Jack Pearadin and Doug Nelsen found a 1.73-carat diamond after nearly a year of searching the park's field.
If you're any kind of snob when it comes to band names, Colorado-native Derek Vincent Smith's performance name — Pretty Lights — might, at first glance, sound phoned-in. If you know anything about the DJ/producer's elaborate stage show — a live drummer, digital light displays, video projection — you might wonder if a vision of that spectacle inspired the name. Not so. According to Smith, the name Pretty Lights refers to the way light serves as a necessary component of painting or photography, and how light "embodies the essence of inspiration." Yes, that's right; this is deeper dance music than you're used to.
At first listen, Pretty Lights' sonic patchworks is reminiscent of older masters like DJ Shadow or sample nerds like RJD2. While his live show incorporates pop-tune remixes and crowd-friendly adrenaline jams, his recorded material is more atmospheric than house-y, beat-heavy but not overburdened, and curiously bereft of substantial vocals. (This tic Smith chalks up to his pickiness about lyrics — vocals are the one sound he admits having difficulty placing in his tracks.) You'll also be hard-pressed to identify one of Smith's samples; whereas RJD2, for example, may have taught you to love The Delfonics with his liberal use of long samples.
Smith is such a purist and fidelity geek that he won't describe his song production as straight sampling, preferring instead the term "sample collaging," which implies borrowing a smaller section of a track, layering it and incorporating it into a new composition so organically it's undetected. He uses the terms "timbre" and "warmth" to describe the sonic perfection he's after. He chalks his disposition up to being a musician-turned-DJ, having played in punk and soul bands before he ever touched Fruity Loops. On his newest album, Smith decided to skip the 45-bin altogether, in favor of recording original tracks and having them pressed to vinyl so that he might take from his own work from the get-go.
He's also managed to mass market the Pretty Lights experience by offering free downloads of his material on his website. Some Internet misinformation speculates the reason behind the give-away has to do with song rights, but Smith emphatically denies that. Rather, as any shrewd businessman, he was aware of his anonymity early on, and decided to flood the market with his music instead of hoarding it jealously. Needless to say, it has worked, and as Smith noticed an ever-increasing population of sweaty attendees at his live shows, he saw no reason to keep the albums from the people. The whole Pretty Lights operation generally seems like the eerie-genius product of a marketing mastermind: Curious about his stuff? Get it for free; one day you'll probably end up at his show. For his latest tour, which has been booking ginormous venues and outdoor festivals throughout the U.S., including the Verizon Arena here, Smith claims he deliberately designed a show so vast and impressive in technological and visual scope that smaller clubs simply couldn't accommodate it. If you think, as anyone might, he's concerned about failing to sell out such considerable spaces, Smith says reassuringly, "It's OK. It's still a party. We're just putting on a cool experience." Smith said he's played Fayetteville a few times to a warm reception, and hopes the same for Little Rock: "People in the South love to get down and have a good time, and the fact that it's a Halloween party and I'm dropping some new music — well, Arkansas always puts it down for me."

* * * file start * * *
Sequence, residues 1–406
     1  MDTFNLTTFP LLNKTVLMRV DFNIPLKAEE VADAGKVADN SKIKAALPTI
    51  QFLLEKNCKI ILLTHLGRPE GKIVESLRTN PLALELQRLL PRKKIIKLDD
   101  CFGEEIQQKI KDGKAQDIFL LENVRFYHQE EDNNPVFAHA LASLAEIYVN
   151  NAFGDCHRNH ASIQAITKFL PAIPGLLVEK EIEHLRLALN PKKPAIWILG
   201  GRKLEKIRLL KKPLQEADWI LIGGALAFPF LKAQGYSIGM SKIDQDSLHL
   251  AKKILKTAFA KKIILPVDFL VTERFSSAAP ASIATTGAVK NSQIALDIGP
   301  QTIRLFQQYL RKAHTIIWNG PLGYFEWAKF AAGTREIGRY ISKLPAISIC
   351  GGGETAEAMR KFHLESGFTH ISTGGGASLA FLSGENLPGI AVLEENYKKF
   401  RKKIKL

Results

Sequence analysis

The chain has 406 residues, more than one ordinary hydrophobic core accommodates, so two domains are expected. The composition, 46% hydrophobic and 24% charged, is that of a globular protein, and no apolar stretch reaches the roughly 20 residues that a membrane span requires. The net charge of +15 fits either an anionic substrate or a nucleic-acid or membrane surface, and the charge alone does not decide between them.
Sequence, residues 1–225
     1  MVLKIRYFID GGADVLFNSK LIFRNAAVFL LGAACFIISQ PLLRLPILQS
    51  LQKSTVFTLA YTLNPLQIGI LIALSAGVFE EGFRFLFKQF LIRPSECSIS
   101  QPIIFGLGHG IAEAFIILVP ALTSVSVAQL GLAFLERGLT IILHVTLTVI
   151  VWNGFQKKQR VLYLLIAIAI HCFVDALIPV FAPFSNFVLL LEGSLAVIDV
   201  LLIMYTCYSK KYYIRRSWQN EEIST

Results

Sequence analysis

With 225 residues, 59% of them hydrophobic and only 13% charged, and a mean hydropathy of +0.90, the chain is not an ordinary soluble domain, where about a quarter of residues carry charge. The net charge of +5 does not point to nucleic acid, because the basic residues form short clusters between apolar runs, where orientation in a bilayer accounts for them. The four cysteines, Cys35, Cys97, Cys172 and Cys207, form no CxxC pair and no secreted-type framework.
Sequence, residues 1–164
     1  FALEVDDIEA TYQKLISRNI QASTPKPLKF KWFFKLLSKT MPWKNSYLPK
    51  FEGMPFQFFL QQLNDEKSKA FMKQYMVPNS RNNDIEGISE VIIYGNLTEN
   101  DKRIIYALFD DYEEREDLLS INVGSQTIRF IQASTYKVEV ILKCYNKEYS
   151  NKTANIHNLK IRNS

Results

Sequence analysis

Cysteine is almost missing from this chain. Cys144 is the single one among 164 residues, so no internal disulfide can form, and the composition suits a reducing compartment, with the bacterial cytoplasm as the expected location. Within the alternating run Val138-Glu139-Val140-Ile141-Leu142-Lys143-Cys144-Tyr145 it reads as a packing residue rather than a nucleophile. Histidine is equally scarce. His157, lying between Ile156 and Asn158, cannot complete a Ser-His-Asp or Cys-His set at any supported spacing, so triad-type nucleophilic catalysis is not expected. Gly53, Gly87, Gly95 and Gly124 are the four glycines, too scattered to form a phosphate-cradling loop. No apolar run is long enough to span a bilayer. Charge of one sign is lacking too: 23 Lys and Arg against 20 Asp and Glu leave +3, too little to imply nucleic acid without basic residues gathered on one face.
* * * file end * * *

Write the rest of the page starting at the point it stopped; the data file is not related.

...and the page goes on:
With Big Gigantic, DJ Witnesse and Durden
8 p.m. Saturday, Oct. 29, Verizon Arena